United States District Court, W.D. Washington, Seattle
VLADAN MILOSAVLEJEVIC and ANGEL MICHAIL AND GABRIIEL, LLC, Plaintiffs/Petitioners,
CITY OF BRIER, Defendant/Respondent.
ORDER GRANTING RESPONDENT'S MOTION FOR SUMMARY
JUDGMENT AND DENYING PETITIONER'S MOTIONS FOR LEAVE TO
FILE SURREPLY AND TO CONTINUE TRIAL AND AMEND CASE
RICARDO S. MARTINEZ CHIEF UNITED STATES DISTRICT JUDGE.
matter comes before the Court on Respondent's Motion for
Summary Judgment. Dkt. #32. Petitioner's claims arise
from Respondent's denial of his request for a height
variance necessary to build a personal chapel.
Petitioner's proposed personal chapel would exceed
Respondent's 30-foot residential land-use zone's
height-cap. Dkt. #20 at 2. Respondent asks the Court
to dismiss Petitioner's claims on the basis that (1)
Petitioner does not meet the elements necessary to establish
a violation of the Religious Land Use and Institutionalized
Persons Act's (“RLUIPA”), 42 U.S.C. §
2000ee, substantial burden provision; (2) Petitioner does not
meet the elements necessary to establish a violation of
RLUIPA's equal terms provision; (3) Petitioner's
Civil Rights Act, 42 U.S.C. § 1983 (“Section
1983”), claims are without legal or factual basis; and
(4) delay damages are not available in any event. Dkt. #32.
Petitioner opposes the Motion, arguing that genuine disputes
exist as to material facts, and therefore respondent is not
entitled to summary judgment. Dkt. #33. Additionally,
Petitioner has filed a Motion for Leave to File a Surreply
and a Motion to Continue Trial Date and Amend Case Schedule.
Dkts. #37 and #38. For the reasons discussed below, the Court
now GRANTS Respondent's Motion for Summary Judgment and
DENIES Petitioner's Motions For Leave To File Surreply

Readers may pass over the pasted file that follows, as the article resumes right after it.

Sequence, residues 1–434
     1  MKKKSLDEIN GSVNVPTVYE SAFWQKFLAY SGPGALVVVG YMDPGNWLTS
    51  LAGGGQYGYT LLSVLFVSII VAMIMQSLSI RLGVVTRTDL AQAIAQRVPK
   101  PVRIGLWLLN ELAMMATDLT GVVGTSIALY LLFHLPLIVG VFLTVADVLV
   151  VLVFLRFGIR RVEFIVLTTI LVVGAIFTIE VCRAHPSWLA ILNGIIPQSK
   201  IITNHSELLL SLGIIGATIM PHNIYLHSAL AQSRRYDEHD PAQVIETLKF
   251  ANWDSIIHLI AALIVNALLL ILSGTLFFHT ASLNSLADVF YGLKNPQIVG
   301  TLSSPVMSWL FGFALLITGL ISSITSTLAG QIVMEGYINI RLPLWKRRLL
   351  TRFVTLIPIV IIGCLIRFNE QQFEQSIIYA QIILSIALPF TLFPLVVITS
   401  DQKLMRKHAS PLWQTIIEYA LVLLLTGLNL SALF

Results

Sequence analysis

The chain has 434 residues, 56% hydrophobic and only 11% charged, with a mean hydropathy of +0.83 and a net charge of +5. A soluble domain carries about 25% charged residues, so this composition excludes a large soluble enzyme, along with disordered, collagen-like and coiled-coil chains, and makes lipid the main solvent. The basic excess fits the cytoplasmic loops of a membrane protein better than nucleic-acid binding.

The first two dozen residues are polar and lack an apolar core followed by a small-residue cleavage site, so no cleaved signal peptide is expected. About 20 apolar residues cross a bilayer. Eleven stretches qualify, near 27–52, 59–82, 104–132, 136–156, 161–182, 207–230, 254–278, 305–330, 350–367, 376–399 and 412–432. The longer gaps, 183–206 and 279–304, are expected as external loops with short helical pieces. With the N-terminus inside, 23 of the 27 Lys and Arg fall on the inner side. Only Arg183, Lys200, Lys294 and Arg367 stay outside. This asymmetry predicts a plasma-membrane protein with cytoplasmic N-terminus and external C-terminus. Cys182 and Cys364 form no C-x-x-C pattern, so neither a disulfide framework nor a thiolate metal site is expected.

and To Continue Trial and Amend Case Schedule.
Vladan Milosavlejevic seeks to build a personal Serbian
Orthodox chapel on property owned by his company, Angel
Michail and Gabriiel, LLC., in the City of Brier, Washington
(“City”). Dkts. #1-1 at ¶ 2 and #33-1 at ¶
¶ 22-22. To comply with religious standards, Petitioner
asserts that his chapel must meet specific architectural
dimensions, including two domes, each spanning 40-feet five
and one-half inches from the interior floor to the exterior
height. Dkt. #17 at 6. Petitioner's property is located
in a residential land-use zone. Id. Prior to seeking
to build a chapel, Petitioner worshipped in his home, and
attended Serbian Orthodox church services in King and
Snohomish Counties. Dkts. #32 at 7 and #34 at 3.
Brier Municipal Code (“BMC”) 17.28.010(E),
buildings in single-family residential zones may not exceed a
maximum height of 30 feet. Individuals planning to erect
structures exceeding 30 feet must apply and be approved for
height variances in addition to building permits. Dkt. #34 at
12. To obtain a variance, applicants must meet eight
criteria. Administrative Record (“AR”) at 72. The
procedure for processing variance applications is set forth
in BMC 17.36.050(E).
19, 2015, Petitioner applied for a height variance to
construct his chapel. AR 2-3. As proposed, Petitioner's
chapel would exceed the City's single-family residential